Introducing England’s new country reps

Unfortunately our previous country rep, Jessica Bodgener, had to step out of her role. She has done an incredible job promoting wildlife health and the EWDA student chapter; she even started a Facebook group – the EWDA Student Chapter UK. She is still actively involved in wildlife health and keeps promoting the Student Chapter whenever she gets a chance. We want to thank her for all her dedication an wish her all the best in her next adventure!

However we got two brand new country reps for England! I am sure they will keep on doing a brilliant job! Meet Stuart Patterson and Harriet Cock:

Stuart Patterson:

Hi, my name is Stuart, and I am one of the EWDA Student reps for the UK. After travelling to France for the EWDA Student workshop in 2015, I decided that this organisation probably best fitted my interests, and so I was keen to get involved. I’m currently dividing my time between London, and field work in South Africa. As I write, the Meerkat population that we study here has been reduced by around 50% over the last few months (known study population, as opposed to total population, but still remarkable), and the local bat-eared fox population has suffered terrible losses over the last year. The former is likely to be due to drought, directly, or compounding other problems, and the latter is almost certainly associated with an outbreak of rabies. These two examples though highlight that wild populations can fluctuate greatly and that disease can be an important component. Going forward I hope to look at how control of wildlife disease can and should play in conservation.

I trained as a vet in the UK, and spent five years working in farm animal practice. I returned to college in 2012 completing masters degrees in Veterinary Epidemiology and Veterinary Conservation Medicine. I am now a PhD student at the Royal Veterinary College looking at targeted interventions for wildlife disease control, and whether these offer a practical tool that may be more easily applied than more general strategies. I have been an EWDA member since 2012.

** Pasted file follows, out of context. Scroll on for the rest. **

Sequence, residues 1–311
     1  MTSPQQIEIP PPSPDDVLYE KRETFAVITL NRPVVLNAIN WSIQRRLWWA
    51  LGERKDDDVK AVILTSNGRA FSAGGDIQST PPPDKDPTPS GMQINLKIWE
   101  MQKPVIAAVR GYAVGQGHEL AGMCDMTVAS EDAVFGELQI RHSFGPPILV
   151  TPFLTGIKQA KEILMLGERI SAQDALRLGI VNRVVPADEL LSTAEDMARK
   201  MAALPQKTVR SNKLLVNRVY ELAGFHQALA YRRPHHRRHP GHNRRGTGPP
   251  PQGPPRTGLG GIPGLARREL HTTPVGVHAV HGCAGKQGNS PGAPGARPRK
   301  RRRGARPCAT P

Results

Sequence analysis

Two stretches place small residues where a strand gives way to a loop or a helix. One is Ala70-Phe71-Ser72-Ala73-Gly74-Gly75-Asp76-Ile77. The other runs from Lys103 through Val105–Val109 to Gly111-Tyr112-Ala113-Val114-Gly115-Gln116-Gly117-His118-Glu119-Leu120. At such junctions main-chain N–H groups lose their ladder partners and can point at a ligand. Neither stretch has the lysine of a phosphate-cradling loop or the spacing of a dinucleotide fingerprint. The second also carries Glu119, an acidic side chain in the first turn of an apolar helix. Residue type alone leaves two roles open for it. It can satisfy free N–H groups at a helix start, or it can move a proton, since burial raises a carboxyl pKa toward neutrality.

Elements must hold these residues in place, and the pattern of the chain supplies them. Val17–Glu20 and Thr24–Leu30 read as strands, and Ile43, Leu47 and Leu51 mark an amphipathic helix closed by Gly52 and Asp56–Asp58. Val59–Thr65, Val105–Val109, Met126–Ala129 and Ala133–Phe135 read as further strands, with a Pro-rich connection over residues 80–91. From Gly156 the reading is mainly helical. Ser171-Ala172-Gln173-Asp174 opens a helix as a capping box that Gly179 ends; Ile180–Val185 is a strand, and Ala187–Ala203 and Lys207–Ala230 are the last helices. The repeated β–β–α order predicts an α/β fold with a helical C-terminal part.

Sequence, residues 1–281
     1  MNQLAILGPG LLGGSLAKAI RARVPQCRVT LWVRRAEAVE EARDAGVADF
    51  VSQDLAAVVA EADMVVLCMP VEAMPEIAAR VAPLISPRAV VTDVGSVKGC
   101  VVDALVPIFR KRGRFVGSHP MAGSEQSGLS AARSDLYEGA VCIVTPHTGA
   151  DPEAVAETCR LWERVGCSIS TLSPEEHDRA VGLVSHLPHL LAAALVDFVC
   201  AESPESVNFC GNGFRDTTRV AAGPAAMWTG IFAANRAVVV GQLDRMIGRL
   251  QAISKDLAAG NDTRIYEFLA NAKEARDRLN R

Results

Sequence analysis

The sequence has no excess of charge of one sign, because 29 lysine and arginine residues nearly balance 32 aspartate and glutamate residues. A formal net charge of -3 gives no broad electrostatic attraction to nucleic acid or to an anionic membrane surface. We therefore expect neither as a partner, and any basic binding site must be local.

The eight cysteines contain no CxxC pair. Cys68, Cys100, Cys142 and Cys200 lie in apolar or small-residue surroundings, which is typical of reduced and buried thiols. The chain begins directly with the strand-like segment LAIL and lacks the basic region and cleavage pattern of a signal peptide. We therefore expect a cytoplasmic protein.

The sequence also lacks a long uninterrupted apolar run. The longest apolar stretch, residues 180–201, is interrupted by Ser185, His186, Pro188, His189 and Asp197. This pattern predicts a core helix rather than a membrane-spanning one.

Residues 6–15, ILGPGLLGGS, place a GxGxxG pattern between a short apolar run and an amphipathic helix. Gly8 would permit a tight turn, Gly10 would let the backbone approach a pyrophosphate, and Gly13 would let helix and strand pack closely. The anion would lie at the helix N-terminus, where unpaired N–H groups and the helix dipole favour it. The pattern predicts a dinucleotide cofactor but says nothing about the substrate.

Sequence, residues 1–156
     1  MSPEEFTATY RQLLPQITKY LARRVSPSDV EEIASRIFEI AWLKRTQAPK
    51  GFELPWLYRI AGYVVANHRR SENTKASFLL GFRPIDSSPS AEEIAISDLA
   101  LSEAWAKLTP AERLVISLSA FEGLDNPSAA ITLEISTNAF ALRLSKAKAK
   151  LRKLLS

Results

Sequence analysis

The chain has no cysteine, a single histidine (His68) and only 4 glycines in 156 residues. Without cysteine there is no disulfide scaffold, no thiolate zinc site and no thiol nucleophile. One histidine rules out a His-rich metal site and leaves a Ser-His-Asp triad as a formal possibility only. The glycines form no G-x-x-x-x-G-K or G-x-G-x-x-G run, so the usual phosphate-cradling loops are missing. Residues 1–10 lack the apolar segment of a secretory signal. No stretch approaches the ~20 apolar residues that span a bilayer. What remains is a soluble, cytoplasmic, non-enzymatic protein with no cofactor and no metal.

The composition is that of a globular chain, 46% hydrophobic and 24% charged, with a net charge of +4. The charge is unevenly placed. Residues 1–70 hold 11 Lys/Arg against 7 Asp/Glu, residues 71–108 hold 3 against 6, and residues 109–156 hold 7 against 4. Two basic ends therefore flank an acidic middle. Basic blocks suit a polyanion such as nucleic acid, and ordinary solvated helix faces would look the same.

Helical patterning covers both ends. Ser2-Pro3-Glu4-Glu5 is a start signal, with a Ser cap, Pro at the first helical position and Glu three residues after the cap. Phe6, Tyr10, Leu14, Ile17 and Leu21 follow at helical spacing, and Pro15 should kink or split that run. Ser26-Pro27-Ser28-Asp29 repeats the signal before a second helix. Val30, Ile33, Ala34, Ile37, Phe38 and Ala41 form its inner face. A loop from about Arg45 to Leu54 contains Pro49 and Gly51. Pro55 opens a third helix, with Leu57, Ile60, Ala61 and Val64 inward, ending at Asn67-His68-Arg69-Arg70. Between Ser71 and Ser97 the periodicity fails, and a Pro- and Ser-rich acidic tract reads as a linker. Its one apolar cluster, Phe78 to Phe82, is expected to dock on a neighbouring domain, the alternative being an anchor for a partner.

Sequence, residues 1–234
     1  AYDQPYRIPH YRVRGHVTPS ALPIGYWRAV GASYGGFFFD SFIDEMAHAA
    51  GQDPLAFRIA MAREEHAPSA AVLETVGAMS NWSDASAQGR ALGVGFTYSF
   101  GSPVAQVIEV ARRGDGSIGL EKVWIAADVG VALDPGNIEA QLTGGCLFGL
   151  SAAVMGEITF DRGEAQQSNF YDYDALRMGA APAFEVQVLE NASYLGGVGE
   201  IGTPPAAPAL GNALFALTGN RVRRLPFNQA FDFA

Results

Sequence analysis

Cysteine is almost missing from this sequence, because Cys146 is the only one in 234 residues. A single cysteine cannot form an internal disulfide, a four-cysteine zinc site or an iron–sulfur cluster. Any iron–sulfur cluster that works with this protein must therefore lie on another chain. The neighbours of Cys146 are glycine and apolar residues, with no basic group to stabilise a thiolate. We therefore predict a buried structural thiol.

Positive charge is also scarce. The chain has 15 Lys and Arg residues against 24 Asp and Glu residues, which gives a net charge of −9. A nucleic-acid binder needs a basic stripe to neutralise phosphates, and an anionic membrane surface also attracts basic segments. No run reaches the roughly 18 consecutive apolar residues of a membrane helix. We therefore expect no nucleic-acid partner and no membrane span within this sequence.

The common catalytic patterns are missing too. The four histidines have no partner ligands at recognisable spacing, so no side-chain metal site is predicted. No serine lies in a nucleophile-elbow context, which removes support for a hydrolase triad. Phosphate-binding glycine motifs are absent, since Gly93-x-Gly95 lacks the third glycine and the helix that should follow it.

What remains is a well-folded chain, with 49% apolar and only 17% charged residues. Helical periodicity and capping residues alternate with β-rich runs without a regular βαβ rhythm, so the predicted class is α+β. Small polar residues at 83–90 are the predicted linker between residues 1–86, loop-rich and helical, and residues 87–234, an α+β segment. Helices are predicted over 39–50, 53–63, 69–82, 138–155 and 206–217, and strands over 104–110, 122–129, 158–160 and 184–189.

Harriet Cock:

Hi everyone! My name is Harriet and am currently in my fourth year, studying Veterinary Science at the University of Bristol. Although i enjoy companion animal medicine, my main interest lies with Wildlife and Conservation Medicine, and i hope to work in this field in the future.
I have completed many placements both at home in the UK and abroad relating to wildlife, conservation and exotics veterinary work. Seeing practice and working alongside vets at Bristol Zoo and Chessington Zoo has been really insightful and allowed me to work with a wide variety of animals. I have also enjoyed placements at referral exotics veterinary practices and wild animal rescue centres where I learnt so much by being hands on. In addition to EMS placements i currently volunteer in the hospital room at Secret World Rescue where they take in injured or orphaned wildlife and release them once rehabilitated. Attending conferences such as the British Wildlife Rehabilitation Symposium, Bristol Zoo Conservation talks, One Health Conference, and many University Veterinary and Zoological Society symposiums has allowed me to further both my knowledge and interest in related topics.
I have been lucky enough to have travelled to countries such as Cambodia, Namibia and South Africa where i fell in love with the diversity of wildlife and the potential for veterinary conservation work.
Last year i was the Vice President of the Bristol Veterinary and Zoological Society, being very involved in setting up talks and trips. By being a UK rep, i’d like to increase the awareness of the EWDA to other vet and biology students and invite speakers to tell current students about the opportunities available in wildlife work and research.



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